April 12, 2022

How I Deal With Pain

After hearing about my health condition, one question people ask me is “wow how are you coping?”. My answer is usually short and straight to the point “I distract myself 24/7, 7days a week, and have been doing it for 5 years”

On first look, it sounds like a bad idea or like I’m not facing my problems. But, here’s the thing. When you are almost always in pain, there’s no “running away”.

Recently I stumbled on a book and found out there’s a neurological explanation for what I do and why it works. Incidentally, I do what I do to live with pain instinctively and was quite surprised to find out there’s a study around it. 

I thought to share because I have realized a lot of people around me are also going through physical or mental pain and I hope this would help. So here we go:

A science writer, Winifred Gallagher stumbled on a connection between attention and distraction after she was diagnosed with a fairly advanced kind of cancer.

After the diagnosis, on her way out of the hospital, she decided that since the disease wanted to monopolize her attention, as much as possible, she would focus on her life instead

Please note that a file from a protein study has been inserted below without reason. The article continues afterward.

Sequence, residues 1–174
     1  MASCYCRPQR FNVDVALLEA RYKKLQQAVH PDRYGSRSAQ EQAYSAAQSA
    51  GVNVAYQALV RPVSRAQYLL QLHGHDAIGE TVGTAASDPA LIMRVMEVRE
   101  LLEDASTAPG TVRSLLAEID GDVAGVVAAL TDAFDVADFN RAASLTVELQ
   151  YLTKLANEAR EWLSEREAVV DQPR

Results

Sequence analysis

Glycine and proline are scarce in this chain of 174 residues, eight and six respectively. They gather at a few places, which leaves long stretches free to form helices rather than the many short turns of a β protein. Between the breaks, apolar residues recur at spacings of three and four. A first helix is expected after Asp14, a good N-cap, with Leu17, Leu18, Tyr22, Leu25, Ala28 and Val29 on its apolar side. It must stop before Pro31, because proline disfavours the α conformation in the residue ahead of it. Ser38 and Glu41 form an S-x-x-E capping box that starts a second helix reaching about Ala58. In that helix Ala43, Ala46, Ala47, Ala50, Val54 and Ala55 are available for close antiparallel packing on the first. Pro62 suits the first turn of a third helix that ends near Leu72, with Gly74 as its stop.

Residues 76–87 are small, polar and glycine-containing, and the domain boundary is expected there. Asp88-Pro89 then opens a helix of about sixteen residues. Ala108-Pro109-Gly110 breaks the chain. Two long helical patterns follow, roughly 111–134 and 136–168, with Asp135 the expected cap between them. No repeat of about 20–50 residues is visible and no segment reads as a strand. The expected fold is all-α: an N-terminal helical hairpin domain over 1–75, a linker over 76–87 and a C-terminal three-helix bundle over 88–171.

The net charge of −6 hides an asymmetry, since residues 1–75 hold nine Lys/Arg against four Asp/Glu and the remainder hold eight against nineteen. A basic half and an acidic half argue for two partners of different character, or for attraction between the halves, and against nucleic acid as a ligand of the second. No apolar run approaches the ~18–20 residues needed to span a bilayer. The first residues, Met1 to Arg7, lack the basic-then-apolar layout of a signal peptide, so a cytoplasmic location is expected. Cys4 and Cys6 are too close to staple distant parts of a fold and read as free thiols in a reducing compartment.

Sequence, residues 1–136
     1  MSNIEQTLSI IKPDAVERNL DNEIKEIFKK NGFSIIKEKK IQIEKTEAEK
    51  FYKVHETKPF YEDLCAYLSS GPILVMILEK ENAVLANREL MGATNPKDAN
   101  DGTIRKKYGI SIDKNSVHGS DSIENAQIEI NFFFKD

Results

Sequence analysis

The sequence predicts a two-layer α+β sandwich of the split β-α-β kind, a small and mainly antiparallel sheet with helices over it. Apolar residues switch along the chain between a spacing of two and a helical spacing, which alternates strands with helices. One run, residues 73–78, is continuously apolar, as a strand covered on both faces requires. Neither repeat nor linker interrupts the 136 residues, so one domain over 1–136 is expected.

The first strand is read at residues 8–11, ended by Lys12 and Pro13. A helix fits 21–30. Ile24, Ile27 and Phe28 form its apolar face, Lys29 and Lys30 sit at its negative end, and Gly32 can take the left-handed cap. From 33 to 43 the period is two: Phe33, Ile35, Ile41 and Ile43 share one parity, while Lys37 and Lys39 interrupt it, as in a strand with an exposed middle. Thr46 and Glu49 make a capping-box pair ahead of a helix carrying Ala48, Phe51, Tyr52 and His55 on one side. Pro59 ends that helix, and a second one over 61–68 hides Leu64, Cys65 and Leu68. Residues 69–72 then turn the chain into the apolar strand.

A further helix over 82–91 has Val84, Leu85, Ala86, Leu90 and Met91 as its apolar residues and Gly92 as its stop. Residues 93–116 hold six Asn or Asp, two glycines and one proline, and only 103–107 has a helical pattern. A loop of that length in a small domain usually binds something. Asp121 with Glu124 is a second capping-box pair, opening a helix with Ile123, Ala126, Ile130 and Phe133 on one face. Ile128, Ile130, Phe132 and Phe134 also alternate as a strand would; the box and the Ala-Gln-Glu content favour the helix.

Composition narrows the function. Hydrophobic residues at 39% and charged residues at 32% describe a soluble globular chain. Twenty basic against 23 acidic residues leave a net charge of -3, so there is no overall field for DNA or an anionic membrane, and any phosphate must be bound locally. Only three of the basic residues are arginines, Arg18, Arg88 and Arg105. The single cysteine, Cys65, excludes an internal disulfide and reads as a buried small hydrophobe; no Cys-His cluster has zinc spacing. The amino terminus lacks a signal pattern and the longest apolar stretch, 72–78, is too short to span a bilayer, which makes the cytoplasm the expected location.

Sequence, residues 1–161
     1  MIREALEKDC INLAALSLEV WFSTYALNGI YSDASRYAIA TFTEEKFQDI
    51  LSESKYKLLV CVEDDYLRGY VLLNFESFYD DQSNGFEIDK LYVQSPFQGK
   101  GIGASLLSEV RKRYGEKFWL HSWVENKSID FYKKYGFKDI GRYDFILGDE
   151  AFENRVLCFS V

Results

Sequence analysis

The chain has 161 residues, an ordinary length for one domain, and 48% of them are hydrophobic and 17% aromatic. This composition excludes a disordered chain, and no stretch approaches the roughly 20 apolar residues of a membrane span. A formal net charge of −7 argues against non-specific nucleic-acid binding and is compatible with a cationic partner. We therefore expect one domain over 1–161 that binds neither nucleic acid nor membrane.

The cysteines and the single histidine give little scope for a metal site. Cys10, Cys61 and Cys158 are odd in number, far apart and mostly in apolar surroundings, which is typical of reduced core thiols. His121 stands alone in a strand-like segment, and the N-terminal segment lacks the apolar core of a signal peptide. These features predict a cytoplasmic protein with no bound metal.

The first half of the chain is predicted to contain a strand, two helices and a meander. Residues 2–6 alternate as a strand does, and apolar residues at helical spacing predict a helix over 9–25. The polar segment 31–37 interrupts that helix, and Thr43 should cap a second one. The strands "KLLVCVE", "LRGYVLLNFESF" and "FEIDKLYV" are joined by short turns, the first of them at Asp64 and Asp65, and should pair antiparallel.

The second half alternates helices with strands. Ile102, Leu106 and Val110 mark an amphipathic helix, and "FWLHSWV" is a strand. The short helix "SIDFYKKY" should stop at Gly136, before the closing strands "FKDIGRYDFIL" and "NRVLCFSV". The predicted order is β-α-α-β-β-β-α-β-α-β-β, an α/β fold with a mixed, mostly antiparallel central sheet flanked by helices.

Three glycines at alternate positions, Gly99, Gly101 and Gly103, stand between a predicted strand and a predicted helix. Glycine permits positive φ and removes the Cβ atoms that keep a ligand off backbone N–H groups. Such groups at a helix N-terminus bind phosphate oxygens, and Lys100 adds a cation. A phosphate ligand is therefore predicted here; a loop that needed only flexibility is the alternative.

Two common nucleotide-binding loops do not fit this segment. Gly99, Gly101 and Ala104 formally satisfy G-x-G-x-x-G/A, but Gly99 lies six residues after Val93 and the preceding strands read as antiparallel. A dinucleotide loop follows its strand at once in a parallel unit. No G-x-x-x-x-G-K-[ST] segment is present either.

The treatment that followed was exhausting and terrible, but Gallagher noticed her commitment to focus on what’s good in her life, “movies, walks, and a 6:30 martini” worked surprisingly well.

Her life during her battle should have been filled with depression and pity, instead, she was often pleasant.

She decided to figure out/understand the role of attention – what we focus on what we ignore – plays in defining our quality of life.

What she found out was that the skillful management of attention is the sine qua non of the good life and the key to improving virtually every aspect of your existence.

Here’s the thing,

As humans, we tend to place a lot of emphasis on our circumstances, assuming that what happens to us (or doesn’t happen) determines how we feel.

When you think of it this way, tiny details like how you spend your day aren’t important. Only large outcomes, like getting a promotion or getting that visa you have been applying for matter.

What Gallagher found out is that the brain constructs your worldview based on what you pay attention to. 

So, in her case, if she focuses on her cancer diagnosis, her life becomes bleak and unhappy but if she focuses on her 6:30 martini, her life feels more pleasant – even though the original problem remains either way.

As she says – “who you are, what you feel, and do, what you love – is the sum of what you focus on”.